The opinion of the court was delivered by: PARKER
Plaintiffs Juliette Fickling, Lisa Goodwine, Patricia Fowler, Sherley Kenyon, Dhyalma Vasquez, Lena Coleman-Minor, Sonya E. Graves and Stephanie King (collectively "plaintiffs") brought this action for violations of Title VII of the Civil Rights Act of 1964, 42 U.S.C. § 2000e et seq. and the New York State Executive Law § 296, claiming that their termination as Welfare Eligibility Examiners as a result of their failing scores on competitive examinations was unlawful. Defendants are the New York State Department of Civil Service ("New York State DCS") and County of Westchester Department of Social Services ("Westchester County DSS") (collectively "defendants"). This Memorandum Opinion constitutes the findings of fact and conclusions of law of the Court after a bench trial held on September 21, 1995 comprising expert testimony and largely stipulated facts.
As of March 1, 1991, plaintiffs were employed as provisional or temporary Social Welfare Eligibility Examiners by Westchester County DSS. In 1989 and 1990, each plaintiff took and failed, on more than one occasion, the New York State DCS examination for the position of Eligibility Examiner with the Westchester County DSS. The Westchester County Department of Personnel administered the Eligibility Examiner examinations to plaintiffs. The New York State DCS prepared, approved and graded the examinations.
On February 4, 1991, Westchester County DSS informed each plaintiff that her employment was to be terminated effective March 15, 1991, and each plaintiff was terminated on March 15, 1991. Each plaintiff was terminated because her failing test score precluded her placement on the "eligible list" for the position of Eligibility Examiner. Each plaintiff, except Lena Coleman-Minor, had received satisfactory to excellent performance evaluations from at least one of her supervisors prior to her termination.
Initially, access to the position of Eligibility Examiner is controlled by competitive examination. Applicants must attain a score of 70 on the examination to be placed on an Eligibility Examiner "eligible list." The "eligible list" is established on the basis of ratings received by the candidates in the competitive portions of the examination. N.Y.C.S.L. § 50(6). Appointment to the position of Eligibility Examiner is made by selecting one of the top three candidates on the "eligible list" who are willing to accept such appointment. N.Y.C.S.L § 61(1). Selection from the "eligible list" is then made on the basis of a candidate's qualifications, score on the written test, an oral interview and, following appointment, performance during a probationary period.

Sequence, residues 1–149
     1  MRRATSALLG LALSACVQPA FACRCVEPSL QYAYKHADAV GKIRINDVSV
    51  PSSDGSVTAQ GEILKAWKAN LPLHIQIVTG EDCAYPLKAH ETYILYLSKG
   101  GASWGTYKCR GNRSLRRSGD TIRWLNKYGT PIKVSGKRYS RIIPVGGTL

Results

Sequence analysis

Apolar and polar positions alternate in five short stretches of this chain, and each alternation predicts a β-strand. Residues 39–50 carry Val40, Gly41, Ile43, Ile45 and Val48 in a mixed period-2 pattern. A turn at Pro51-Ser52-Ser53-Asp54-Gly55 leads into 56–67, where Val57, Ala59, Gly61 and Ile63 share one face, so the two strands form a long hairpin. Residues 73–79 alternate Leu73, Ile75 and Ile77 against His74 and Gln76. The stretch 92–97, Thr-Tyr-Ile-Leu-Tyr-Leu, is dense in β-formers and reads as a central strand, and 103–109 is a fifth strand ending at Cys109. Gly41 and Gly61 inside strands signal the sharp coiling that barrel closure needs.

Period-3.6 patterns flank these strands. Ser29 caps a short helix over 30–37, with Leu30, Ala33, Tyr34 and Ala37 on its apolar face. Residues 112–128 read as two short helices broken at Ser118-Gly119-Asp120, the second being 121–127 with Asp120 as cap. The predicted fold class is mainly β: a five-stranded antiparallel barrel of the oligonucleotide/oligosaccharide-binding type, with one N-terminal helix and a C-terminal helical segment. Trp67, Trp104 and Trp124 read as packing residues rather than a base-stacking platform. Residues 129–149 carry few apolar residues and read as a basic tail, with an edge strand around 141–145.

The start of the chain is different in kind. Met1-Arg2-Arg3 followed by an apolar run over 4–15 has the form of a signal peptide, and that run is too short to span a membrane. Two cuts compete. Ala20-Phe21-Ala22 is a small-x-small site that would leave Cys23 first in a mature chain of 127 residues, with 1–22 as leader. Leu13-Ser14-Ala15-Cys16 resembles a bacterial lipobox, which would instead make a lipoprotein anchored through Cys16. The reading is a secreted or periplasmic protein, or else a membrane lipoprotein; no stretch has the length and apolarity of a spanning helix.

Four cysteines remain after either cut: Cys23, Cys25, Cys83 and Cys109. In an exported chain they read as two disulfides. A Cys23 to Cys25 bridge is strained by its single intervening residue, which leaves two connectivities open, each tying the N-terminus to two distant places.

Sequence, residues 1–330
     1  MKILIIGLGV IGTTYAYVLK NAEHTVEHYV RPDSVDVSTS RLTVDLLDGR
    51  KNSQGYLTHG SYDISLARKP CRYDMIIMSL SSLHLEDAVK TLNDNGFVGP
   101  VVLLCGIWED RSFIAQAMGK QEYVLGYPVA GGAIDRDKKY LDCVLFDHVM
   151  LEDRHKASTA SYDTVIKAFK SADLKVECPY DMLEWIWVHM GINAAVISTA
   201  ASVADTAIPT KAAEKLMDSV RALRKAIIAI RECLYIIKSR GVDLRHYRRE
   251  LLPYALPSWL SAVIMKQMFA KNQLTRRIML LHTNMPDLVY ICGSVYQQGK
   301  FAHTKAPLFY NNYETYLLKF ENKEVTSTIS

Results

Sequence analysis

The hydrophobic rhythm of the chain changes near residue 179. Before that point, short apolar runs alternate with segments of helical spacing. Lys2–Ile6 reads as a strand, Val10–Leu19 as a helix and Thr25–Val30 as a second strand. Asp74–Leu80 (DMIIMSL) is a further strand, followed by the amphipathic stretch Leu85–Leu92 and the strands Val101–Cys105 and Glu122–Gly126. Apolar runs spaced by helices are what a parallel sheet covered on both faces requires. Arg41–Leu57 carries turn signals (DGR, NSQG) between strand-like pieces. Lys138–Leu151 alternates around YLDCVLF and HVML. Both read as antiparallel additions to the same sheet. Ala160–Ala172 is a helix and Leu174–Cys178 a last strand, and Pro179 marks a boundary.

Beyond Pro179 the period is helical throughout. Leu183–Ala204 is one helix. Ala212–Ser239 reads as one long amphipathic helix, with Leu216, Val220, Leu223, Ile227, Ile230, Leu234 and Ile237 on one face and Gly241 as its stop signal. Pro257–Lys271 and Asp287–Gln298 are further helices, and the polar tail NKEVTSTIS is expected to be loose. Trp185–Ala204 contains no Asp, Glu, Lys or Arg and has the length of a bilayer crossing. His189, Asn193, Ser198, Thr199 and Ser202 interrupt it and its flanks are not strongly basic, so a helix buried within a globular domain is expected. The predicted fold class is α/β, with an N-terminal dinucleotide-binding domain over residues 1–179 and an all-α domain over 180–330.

Plaintiffs were employed as provisional or temporary Eligibility Examiners because Westchester County did not have an "eligible list" at the time. Provisional or temporary Eligibility Examiners may become permanent, however, only by passing the examination and being placed among the top three candidates willing to accept appointment on the "eligible list." N.Y.C.S.L. § 65(1).
The examinations had a disparate impact on African-Americans and Hispanics in Westchester County and statewide. In Westchester County, the impact ratios (% minority passing% white passing) at the cutoff score on the 1989 examination ranged from 52.8% to 66.2% for African-Americans and between 43.1% and 56.6% for Hispanics. For the 1990 examination, the pass rate for African-Americans was between 40.4% and 50.8% of the white pass rate while Hispanics passed at between 25.5% and 34.9% of the white rate. Statewide, the impact ratio at the cutoff score on the 1989 examination ranged from 41.8% to 53.7% for African-Americans and between 36.6% and 44.6% for Hispanics and on the 1990 examination was between 38.2% and 43.1% for African-Americans and between 25.0% and 40.3% for Hispanics.
The New York State DCS knew of the disparate impact of its Eligibility Examiner examinations since at least July of 1987. The New York State DCS did not notify the Westchester County DSS because it believed that the disparate impact was readily apparent from the results of the examinations.
The examinations comprised 30 questions testing an understanding of concepts and practices of interviewing, and 30 questions testing the application of welfare-eligibility rules and regulations to hypothetical clients. The questions testing interviewing concepts and practices were presented in the form of vignettes describing typical work situations. Prior to taking the examination, plaintiffs were provided sample questions, instructions and other information concerning the procedural and substantive requirements of the examination.
Defendants concede that the examinations at issue tested only 13 of the 49 KSAs (approximately 27%) identified by the summary report of the job analysis. Nevertheless, they argue that the examinations were reliable because test questions were continuously reviewed to ensure they were written at the appropriate level of difficulty for the position being tested. Post-test analyses were conducted after each the administration of the examination to determine how well test questions were performing. Based on the analysis and on appeals received from test-takers, test questions were changed or deleted.
The New York State DCS has never done a predictive validity study on the examinations at issue.
From 1989 to 1991, the New York State DCS conducted another job analysis in order to update its knowledge of the duties of Eligibility Examiners and to reevaluate the examinations for those positions. Field visits were conducted in 1989, the data from which was used to generate a list of 28 KSAs required of an Eligibility Examiner. Questionnaires were sent to hundreds of incumbent Examiners asking them to rate the 28 KSAs by the level of competence required and ...